Thursday, April 23, 2009

Controversial Poker Player Paul Phillips Admits He Used Enhancer Pills To Help Him Win $1.6 Million In 6 Months!

We all remember Paul Phillips, right? The Internet Tech Wiz, who was once banned from the WSOP for badmouthing the Horseshoe´s policy for cutting up tournament entry fees, has admitted to turning to "neuroenhancers" to help him beat the games while he was very active on the pro poker circuit.

Phillips, who started off writing software and helped found an Internet portal called go2net, and who is nicknamed "Dot Com," got into playing professional poker as a teenager and soon afterward started taking neuroenhancers. He won $1.6 million in six months.

“After a pill is consumed, tiny molecules are absorbed into the bloodstream, where they eventually cross the blood-brain barrier and influence the operation of the wetware up top.”

With Provigil, he “could process all the information about what was going on at the table and do something about it.”

I wrote a detailed article on these neuroenhancers. Read part one and part two.

Wednesday, April 22, 2009

Can You Learn Poker and Casino Cheat Moves By Watching You Tube Cheat Videos?

More and more these days, poker and casino cheat videos are appearing on You Tube--and some of them are darn good! There are even videos of my famed "Savannah" move. Does this mean that you can watch them umpteen times, learn the moves and then go out to the casinos and do them? Well, the basic moves are all there, but like I´ve said countless times on my blog and in response to e-mails from hopeful and would-be poker and casino cheats, there is so much more to cheating in poker rooms and casinos than the moves themselves. So the answer to the question is really NO!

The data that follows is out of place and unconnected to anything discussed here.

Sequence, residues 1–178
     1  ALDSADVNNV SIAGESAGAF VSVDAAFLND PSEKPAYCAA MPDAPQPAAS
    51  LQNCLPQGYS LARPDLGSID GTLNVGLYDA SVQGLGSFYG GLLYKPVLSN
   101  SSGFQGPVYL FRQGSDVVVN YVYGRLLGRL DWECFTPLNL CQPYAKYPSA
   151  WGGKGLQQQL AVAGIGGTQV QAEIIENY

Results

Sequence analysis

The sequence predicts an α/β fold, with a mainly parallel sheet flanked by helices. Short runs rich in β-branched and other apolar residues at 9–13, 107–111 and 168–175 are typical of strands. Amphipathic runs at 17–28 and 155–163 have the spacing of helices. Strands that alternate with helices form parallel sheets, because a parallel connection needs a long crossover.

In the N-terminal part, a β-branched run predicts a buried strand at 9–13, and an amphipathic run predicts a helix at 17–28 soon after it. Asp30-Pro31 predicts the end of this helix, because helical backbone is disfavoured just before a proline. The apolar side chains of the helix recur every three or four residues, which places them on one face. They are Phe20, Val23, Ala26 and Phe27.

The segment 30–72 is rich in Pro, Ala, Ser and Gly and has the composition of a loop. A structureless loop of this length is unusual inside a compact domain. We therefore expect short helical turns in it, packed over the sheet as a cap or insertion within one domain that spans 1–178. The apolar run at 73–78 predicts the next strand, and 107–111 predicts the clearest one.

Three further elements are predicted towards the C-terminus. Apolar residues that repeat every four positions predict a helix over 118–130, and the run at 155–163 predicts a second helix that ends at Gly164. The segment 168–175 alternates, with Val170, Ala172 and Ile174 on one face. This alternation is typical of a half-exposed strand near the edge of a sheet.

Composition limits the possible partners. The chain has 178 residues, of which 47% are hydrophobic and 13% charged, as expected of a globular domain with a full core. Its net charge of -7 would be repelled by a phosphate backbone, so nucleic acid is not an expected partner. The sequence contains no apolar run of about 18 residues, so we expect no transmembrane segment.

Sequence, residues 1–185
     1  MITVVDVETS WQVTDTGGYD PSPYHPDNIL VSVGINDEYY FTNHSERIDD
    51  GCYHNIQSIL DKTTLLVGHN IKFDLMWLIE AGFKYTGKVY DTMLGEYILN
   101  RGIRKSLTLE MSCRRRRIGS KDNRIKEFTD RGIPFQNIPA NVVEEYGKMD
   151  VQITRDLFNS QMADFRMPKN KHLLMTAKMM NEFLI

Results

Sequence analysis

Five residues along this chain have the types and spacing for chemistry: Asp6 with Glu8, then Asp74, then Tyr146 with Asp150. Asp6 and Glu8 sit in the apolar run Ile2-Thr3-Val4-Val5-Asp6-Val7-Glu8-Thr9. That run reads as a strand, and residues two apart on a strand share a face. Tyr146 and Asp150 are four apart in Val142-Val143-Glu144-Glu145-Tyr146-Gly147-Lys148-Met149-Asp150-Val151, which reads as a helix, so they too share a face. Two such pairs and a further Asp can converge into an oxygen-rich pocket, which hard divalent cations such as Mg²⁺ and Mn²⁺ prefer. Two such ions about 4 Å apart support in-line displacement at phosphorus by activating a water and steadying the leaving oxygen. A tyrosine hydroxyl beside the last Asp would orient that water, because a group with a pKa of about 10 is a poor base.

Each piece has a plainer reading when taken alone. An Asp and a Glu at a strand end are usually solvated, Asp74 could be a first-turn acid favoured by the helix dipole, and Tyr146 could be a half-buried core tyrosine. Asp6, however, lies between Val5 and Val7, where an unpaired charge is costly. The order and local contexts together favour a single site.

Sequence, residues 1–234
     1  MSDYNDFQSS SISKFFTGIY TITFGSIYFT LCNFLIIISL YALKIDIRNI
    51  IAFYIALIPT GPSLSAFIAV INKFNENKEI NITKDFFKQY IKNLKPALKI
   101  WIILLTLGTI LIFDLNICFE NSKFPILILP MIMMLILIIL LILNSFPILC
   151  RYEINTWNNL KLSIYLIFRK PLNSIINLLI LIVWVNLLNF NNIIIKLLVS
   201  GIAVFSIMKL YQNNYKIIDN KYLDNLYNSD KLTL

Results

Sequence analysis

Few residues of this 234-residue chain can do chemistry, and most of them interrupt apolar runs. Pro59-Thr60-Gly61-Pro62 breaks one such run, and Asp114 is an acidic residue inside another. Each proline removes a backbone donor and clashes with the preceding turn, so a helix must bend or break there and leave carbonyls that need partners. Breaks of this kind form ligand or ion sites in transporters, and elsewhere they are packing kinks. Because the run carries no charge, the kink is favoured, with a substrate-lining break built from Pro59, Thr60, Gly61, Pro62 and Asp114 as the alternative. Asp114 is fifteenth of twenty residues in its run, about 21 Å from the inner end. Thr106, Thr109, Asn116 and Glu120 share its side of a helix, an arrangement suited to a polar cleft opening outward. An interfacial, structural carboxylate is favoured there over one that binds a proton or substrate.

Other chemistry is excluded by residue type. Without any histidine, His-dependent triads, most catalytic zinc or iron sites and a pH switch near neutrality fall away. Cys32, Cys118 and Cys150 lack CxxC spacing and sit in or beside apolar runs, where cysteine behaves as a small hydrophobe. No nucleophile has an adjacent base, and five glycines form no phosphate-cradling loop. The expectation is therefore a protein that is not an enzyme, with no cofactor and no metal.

Monday, April 20, 2009

What About Poker Card Flashers? What Should You REALLY Do When You Sight One?

Professionals from Doyle Brunson to Annie Duke have said that poker is a "game of decision-making under conditions of uncertainty." But what happens when those conditions of uncertainty are eliminated - when the opponent to your immediate left or right unknowingly, carelessly and stupidly flashes you the two cards in his or her hand? It's a dicey situation, for sure. On one hand, these "card flashers" give you useful data, information you can use to either pounce on the pot or fold and run for the hills. On the other hand, this inside information changes the complexity of the game, creating an unfair edge which some might say is cheating.

Do you keep quiet? Do you speak up? In the interest of experimentation, upon encountering a card flasher during a recent no-limit session at a North Bay cardroom, I tried it both ways.

One poker player said, "The first time, I kept my lips sealed, calling the $5 pre-flop wager with my suited K-9 after seeing my opponent's Q-5 off-suit. The flop came A-Q-9, all different suits, and when the table checked around to him, he bet a measly $15. I raised to $60, representing an ace, even though I had nothing but bottom pair and knew he had me beat. Predictably, the flasher mucked his hand, and I won the pot. The next time, after he folded an unsuited 8-4, I folded a J-10 and someone else won the hand, I tried a different strategy: I spoke up.

"Hey man, can I offer you some constructive criticism?" I asked flatly, not really waiting for a response. "You might want to be more careful with your hole cards, because I saw them pretty clearly on that last hand."